Teen Graduates Lawrence County Juvenile Problem Solving Court

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WBIW.com on 6/21/2017

(BEDFORD) – Officials and community members honored a 17-year-old female who has worked hard to graduate Lawrence County Juvenile Problem Solving Court.

This young lady, known as S.T. to protect her identity, successfully completed the intensive requirements of the problem solving court in which she has been a participant for approximately fourteen months.

The Lawrence County Juvenile Problem Solving Court is a program under the auspices of the Lawrence Circuit Court, Juvenile Division and is the most intensive and most structured of the rehabilitative services available to juvenile offenders in Lawrence County without the Court removing the child from the community.

“This is a tremendous accomplishment,” says Juvenile Judge John Plummer III. “We open this ceremony to the public so they can get a glimpse of how the court works. This is for the kids that need us the most…they put themselves in situations where they made bad decisions.”

The Court appreciates community support for the troubled children of Lawrence County with whom it deals daily, and encourages the invitees’ attendance at graduation to observe a rare glimpse into the usually-confidential juvenile court proceedings, and to support the young lady who has successfully completed the rigorous requirements of the court.

This is the 12th graduation since the court began in 2011.

“More than 40 juveniles have entered the program, but many did not make it. This is a testimony to S.T.’s hard work,” Judge Plummer added.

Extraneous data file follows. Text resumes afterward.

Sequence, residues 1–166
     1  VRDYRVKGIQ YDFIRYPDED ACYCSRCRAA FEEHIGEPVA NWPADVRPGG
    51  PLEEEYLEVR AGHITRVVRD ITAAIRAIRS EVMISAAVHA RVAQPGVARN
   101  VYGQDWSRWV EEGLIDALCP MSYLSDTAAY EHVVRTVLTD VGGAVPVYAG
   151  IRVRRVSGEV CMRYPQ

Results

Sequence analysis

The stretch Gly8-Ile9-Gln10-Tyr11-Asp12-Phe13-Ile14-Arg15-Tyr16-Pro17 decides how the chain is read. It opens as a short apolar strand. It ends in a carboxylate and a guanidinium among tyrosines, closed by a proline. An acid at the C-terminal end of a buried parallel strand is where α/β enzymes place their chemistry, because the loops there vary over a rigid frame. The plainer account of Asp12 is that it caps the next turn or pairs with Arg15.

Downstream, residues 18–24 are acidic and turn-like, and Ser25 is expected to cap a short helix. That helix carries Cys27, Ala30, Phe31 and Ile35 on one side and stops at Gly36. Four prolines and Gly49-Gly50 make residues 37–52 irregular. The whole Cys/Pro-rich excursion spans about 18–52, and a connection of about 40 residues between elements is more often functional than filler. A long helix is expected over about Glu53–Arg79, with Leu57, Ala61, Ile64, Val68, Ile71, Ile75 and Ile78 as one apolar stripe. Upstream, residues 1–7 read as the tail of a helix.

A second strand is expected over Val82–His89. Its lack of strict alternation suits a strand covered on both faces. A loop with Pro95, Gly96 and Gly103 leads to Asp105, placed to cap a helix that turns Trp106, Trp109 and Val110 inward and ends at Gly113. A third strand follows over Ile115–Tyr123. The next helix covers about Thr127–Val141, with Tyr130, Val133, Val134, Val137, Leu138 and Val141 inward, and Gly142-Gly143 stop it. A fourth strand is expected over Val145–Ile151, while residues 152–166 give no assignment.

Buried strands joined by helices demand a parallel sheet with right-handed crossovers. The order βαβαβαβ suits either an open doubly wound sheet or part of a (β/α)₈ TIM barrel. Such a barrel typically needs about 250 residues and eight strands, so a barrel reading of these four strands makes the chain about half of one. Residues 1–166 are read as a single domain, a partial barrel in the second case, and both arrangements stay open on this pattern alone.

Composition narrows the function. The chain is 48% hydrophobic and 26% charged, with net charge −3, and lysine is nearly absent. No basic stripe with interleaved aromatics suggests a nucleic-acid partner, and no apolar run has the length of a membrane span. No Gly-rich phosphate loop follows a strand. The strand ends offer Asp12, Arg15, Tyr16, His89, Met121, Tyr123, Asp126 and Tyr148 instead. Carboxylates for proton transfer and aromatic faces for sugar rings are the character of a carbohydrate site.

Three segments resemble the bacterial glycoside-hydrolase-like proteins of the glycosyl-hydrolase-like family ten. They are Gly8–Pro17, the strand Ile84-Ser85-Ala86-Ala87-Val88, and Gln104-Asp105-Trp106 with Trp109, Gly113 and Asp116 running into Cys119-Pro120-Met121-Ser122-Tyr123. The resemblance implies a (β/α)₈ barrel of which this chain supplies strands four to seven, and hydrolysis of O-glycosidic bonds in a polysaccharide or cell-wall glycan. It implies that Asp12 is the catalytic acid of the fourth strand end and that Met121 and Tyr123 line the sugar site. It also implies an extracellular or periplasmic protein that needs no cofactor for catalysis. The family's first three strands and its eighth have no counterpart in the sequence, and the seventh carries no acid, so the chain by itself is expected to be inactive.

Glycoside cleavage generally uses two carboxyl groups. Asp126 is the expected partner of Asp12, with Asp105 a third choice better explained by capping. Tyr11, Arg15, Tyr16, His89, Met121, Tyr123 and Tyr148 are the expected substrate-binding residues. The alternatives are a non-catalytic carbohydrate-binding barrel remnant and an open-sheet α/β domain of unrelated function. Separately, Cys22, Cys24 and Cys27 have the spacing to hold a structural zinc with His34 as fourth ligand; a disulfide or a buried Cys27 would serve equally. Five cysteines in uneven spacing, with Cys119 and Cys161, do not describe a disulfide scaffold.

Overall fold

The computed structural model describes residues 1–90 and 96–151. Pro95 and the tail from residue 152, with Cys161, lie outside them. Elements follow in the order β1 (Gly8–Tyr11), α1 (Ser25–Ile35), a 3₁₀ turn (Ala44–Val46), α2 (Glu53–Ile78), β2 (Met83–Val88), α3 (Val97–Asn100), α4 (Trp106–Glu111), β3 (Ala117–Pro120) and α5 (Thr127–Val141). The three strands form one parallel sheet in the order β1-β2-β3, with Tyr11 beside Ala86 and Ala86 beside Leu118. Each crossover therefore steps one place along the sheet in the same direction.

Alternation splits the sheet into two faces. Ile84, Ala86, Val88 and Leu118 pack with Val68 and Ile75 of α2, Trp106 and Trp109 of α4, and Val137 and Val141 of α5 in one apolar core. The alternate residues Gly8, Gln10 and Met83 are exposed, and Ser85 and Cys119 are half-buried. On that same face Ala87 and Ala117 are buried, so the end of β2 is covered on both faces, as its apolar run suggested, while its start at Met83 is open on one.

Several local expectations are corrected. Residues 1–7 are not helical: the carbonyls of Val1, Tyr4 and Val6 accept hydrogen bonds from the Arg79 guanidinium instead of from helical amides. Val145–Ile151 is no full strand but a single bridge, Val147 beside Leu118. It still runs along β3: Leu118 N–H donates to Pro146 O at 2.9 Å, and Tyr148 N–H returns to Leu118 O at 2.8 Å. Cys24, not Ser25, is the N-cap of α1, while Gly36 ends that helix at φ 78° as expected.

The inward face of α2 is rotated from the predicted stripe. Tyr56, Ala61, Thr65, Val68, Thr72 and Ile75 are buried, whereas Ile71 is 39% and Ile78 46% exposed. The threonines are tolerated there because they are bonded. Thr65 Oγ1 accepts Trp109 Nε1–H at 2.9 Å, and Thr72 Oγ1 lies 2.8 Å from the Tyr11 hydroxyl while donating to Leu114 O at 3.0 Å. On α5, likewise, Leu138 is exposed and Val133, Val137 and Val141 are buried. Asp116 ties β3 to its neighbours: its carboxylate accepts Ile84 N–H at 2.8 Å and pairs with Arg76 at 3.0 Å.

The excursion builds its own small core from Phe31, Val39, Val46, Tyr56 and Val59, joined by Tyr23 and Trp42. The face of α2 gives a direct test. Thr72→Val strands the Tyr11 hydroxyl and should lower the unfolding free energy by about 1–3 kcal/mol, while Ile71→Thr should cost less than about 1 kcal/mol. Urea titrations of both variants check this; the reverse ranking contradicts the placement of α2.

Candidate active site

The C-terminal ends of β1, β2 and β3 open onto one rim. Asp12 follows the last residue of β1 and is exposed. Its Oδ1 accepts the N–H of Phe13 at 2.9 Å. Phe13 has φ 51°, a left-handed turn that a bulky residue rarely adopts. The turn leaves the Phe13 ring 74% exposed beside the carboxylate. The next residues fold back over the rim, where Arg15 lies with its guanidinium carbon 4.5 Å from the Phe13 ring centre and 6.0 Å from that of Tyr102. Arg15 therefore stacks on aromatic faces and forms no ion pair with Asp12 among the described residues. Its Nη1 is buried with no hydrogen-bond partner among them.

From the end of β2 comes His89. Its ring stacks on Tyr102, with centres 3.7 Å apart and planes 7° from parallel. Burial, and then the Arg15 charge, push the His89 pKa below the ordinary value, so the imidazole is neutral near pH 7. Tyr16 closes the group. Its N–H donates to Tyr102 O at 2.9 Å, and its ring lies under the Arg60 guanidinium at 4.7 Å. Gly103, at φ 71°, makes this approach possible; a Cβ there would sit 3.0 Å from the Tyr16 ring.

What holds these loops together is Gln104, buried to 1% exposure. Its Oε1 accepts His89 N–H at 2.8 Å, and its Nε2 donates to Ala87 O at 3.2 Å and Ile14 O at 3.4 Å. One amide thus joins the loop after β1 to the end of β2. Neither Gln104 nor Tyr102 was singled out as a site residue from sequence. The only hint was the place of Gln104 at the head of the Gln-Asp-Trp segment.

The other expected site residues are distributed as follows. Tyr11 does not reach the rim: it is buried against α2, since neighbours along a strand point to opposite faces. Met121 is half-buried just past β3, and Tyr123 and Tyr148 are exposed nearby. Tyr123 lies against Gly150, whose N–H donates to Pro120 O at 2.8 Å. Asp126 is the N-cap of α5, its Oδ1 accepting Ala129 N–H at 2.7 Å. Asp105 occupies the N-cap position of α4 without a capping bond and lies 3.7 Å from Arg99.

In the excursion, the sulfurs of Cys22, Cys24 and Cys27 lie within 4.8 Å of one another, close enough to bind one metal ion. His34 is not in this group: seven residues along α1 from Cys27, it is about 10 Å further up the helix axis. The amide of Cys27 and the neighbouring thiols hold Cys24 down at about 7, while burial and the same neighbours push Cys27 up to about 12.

There are three core principals – honesty, respect – hard work. The program has three phases, each lasing between 2 to 8 months depending on the circumstances and the youth’s progress.

Once the juvenile completes the program they are taken off probation and their criminal record is expunged.

“Their record is wiped away. Their record is sealed and I will then order all files destroyed,” Judge Plummer added.

Not only does the child have to meet the requirements of the court, but so do the parents. They must participate in the court’s orders which could include individual and family counseling and routine drug testing.

S.T was admitted into the program on April 21, 2016.

“She has had a few ups and downs but worked extremely hard since she first got in trouble in October 2015,” Judge Plummer added. “She was going down the wrong road and her relationship with her father was not there and [she] was failing in school.”

But that has all changed.

S.T. is now on the road to graduation and has made the honor roll, she is employed part-time and she and her father now have a strong relationship.

S.T addressed the full courtroom. She shared that she had started doing drugs at the age of 11. She also admitted to hating school, liking drugs and having no relationship with her father.

“The drugs took my mind off things, and furthered my addiction,” she added. “This experience has been life changing. It was not easy but worth it.”

She hopes to graduate with an honors degree and attend Ball State to become a psychologist.